Edifice collapses commonly produce debris avalanches and can also form lahars or lateral blasts. Although rare (about 4 per century worldwide; (Siebert et al., 1987)) these events are extremely dangerous when they occur because they move at 10's to more than 100 m/s and cause total destruction of everything in their paths. It is difficult to predict when or where a collapse event might next occur in Guatemala; however, the features of the Guatemalan volcanic chain suggest that the probability of a collapse event is greater in some areas than others.

A slope failure occurs when the forces acting along a surface exceed the forces resisting failure. Forces that favor failure at a volcano include gravity, earthquakes, and explosions. The forces resisting failure depend on the strength of the rock within the volcano. The probability of slope failure increases with the presence of less competent beds such as pyroclastic beds and zones of hydrothermal alterations. Acatenango is more strongly affected by hydrothermal processes than the other volcanoes. Distruption of the structure of a volcano by the intrusion of a shallow magma body could increase the probability of an edifice collapse and Pacaya, where at least one Holocene edifice collapse has occurred, is thought to have a shallow magma body (Eggers, 1971). Moreover, an avalanche inthe presence of a shallow magma body could cause explosive decompression and a laterally directed blast.

Four sets of paired volcanoes exist in Guatemala, and Halsor and Rose (1988) suggest that the younger of the two volcanoes is invariably to the south toward the subduction one. A younger volcano like Fuego perched on teh flank of an older volcano like Acatenango could form a plane of weakness. Moreover, because of the general north to south sloping topgraphy, Fuego volcano is more likely to collapse away from its pair, Acatenango.

Another influence on the direction of a possible avalanche is the general slope of the basement rock. In Guatemala the general slope between the highlands and the coastal plain is north to south and collapse is more likely to occur in the direction of regional slope. Several notable exceptions occur, however. Both San Pedro and Toliman are situated on regional south-to-north slopes. This means that possible collapses occurring at these two volcanoes would flow north into Lake Atitlán and could cause extensive tidal waves in the lake. During historic time, tidal waves from avalanches moving into water have caused more fatalitites worldwide than the avalanches (Siebert et al., 1987; Kienle et al., 1986). An avalanche flowing into Lake Atitlán would probably cause a tidal wave that would devastate everything within 30 m of the lake level.

Some places in Guatemala could be affected by large volcanic events like debris avalanches from any one of several sources. For example, debris avalanches originatin gfrom any one of Agua, Fuego, Acatenango, or Pacaya Volcanoes could affect the Escuintla area. Such node areas are at greater risk from volcanic debris avalanches than other areas.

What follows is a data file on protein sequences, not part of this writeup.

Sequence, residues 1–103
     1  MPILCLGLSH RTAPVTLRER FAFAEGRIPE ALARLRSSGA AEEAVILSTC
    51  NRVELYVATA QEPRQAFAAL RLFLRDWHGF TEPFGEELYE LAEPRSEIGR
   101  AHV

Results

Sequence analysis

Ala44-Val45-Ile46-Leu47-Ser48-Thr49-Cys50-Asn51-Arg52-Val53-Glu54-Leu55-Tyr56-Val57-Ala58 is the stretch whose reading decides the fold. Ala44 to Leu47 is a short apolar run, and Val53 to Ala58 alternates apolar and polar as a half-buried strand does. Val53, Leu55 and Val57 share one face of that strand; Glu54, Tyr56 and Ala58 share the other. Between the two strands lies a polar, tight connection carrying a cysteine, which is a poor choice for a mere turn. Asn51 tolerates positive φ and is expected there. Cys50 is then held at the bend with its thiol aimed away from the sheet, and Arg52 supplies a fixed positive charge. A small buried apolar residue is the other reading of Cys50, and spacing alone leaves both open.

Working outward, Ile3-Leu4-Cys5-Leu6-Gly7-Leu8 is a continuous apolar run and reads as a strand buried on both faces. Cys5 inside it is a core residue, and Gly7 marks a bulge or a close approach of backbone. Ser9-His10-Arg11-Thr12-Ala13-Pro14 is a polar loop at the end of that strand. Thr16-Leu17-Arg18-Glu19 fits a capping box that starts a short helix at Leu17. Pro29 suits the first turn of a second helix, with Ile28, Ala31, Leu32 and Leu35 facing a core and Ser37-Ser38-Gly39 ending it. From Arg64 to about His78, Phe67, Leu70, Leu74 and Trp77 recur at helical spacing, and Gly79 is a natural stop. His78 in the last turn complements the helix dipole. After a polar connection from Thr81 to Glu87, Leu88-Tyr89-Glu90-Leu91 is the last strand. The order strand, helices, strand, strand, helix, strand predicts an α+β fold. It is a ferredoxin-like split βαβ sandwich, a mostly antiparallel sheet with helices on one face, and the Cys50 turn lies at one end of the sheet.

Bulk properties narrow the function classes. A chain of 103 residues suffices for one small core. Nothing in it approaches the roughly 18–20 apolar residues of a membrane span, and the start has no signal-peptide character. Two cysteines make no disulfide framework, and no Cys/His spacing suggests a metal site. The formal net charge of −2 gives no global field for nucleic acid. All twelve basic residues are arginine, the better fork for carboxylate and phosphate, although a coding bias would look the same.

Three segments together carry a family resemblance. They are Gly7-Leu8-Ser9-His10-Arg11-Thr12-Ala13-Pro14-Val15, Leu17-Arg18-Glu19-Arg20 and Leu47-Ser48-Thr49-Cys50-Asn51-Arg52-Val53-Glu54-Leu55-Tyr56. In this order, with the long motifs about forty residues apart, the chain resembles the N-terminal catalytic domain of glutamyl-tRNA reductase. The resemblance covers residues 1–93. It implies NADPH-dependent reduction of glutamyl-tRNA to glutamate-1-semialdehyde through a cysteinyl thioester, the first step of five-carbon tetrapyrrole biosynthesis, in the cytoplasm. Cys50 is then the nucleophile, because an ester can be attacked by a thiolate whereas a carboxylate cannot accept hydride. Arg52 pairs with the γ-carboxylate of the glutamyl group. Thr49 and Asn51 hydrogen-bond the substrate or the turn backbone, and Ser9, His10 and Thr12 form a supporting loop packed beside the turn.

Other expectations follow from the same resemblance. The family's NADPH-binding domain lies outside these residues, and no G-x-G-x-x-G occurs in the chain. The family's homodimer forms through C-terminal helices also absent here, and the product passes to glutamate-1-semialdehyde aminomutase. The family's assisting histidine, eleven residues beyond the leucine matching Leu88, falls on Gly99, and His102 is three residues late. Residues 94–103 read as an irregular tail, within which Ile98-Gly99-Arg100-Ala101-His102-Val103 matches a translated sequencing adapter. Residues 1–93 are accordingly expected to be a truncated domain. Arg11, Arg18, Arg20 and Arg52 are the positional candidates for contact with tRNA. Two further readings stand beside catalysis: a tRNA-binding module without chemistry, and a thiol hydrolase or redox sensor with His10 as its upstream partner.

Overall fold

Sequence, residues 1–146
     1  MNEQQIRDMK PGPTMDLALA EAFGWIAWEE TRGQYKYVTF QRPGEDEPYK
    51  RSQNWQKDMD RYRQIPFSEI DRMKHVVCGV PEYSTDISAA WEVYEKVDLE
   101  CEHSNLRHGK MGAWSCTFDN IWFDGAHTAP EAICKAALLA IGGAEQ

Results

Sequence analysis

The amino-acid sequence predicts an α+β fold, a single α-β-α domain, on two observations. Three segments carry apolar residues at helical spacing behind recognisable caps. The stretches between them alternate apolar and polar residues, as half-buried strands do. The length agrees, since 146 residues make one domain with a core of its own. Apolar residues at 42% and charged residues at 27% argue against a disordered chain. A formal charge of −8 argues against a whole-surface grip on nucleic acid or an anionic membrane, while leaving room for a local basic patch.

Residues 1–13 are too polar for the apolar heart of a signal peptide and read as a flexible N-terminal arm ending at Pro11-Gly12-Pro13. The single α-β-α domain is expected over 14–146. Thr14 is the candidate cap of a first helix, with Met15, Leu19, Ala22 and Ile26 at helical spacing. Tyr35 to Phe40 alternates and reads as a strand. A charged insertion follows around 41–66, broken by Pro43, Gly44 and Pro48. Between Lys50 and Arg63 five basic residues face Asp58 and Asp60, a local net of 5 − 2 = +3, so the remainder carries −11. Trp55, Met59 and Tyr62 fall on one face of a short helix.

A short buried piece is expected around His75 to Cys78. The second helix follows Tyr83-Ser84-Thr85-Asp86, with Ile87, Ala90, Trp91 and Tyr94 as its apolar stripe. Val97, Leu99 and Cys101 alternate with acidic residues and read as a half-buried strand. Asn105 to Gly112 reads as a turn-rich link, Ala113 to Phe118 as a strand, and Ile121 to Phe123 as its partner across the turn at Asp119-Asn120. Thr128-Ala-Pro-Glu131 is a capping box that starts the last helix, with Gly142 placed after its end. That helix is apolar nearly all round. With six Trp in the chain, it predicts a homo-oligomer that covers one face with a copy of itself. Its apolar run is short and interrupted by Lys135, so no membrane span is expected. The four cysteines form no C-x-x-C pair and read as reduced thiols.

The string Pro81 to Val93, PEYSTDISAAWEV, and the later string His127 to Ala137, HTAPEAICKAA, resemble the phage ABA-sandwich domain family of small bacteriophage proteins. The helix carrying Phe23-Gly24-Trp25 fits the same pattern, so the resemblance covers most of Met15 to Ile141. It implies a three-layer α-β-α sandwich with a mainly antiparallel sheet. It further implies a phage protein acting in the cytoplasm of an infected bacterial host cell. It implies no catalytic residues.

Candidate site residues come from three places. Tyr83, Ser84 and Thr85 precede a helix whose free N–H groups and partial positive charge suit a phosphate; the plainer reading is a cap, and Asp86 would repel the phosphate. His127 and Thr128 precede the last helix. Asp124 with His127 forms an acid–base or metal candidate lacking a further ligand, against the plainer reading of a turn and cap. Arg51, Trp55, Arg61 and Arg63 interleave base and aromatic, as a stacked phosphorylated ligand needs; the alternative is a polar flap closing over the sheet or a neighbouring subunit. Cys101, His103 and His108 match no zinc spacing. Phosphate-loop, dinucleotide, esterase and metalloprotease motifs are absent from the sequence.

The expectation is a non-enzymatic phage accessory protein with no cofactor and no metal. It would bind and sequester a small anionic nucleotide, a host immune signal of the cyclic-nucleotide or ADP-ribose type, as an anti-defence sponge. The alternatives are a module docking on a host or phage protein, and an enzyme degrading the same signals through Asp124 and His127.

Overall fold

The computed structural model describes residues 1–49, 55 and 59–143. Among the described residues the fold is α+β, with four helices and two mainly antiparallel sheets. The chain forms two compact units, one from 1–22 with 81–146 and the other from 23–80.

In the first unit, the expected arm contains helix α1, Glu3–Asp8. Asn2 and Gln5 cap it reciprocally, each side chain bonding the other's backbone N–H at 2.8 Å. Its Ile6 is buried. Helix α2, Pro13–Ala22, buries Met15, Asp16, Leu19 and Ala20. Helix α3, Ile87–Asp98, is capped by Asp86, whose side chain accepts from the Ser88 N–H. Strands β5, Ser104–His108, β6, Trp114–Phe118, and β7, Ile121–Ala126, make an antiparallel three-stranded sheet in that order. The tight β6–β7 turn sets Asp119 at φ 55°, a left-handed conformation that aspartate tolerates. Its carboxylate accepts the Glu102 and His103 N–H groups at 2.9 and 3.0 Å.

The probable travel distance (l) of debris avalanches can be estimated by considering the vertical drop (H) and setting the ratio (H/L) equal to a constant known as the coefficient of friction (Schuster and Crandell, 1984). Siebert et al. (1987) have examined about 200 examples and found that H/L varies between 0.09 and 0.19 and averages 0.13 for debris avalanches having volumes between 0.1 and 1.0 km3. For avalanches greater in volume than 1.0 km3, H/L varies between 0.05 and 0.13. Assuming that pre-avalanche Pacaya was approximately 100 m higher than it is now, H/L is 0.1 for Pagaya debris avalanche. Assuming a source near Fuego and a volcano having about the same height as Fuego, the Escuintla and La Democracia debris avalanches have H/L's of 0.074 and 0.079. Volcanoes of Guatemala have a maxiumum height of 4,220 m and generally don't greatly exceed 3,800 m. Using 3,800 m as a maximum value for H and 0.075 as a minimum value for H/L, travel distances for future Guatemalan debris avalanches shouldn't exceed that of the Escuintla debris avalanche--about 50 km. Future debris avalanches having volumes less than 1 km3 probably won't have travel distances greater than that of the Pacaya avalanche--about 25 km. Future lateral blast events could travel from about 10 km to a maximum of about 25 km from source.

Volcanic collapse events that are accompanied by magmatic eruption like those of Mount St. Helens and Bezymianny will probably be preceded by large-scale deformation and intense seismicity that will indicate the probably direction of slope failure and potential lateral blast. Events like those at bandai-san in 1888 and Unzen in 1792 could occur little or no premonitory activity. If precursors suggest an edifice collapse event at a Guatemalan volcano, evacuation is the only effective mitigative measure.

Collapse events should be considered possible at all steep volcanoes. Our work has shown that at least three such events have occurred in Guatemala in the past 85,000 years. Although rare, edifice collapse events represent devastating hazards, and volcanic observers should be sensitive to changes that could be precursors.

(Vallance et al., 1988)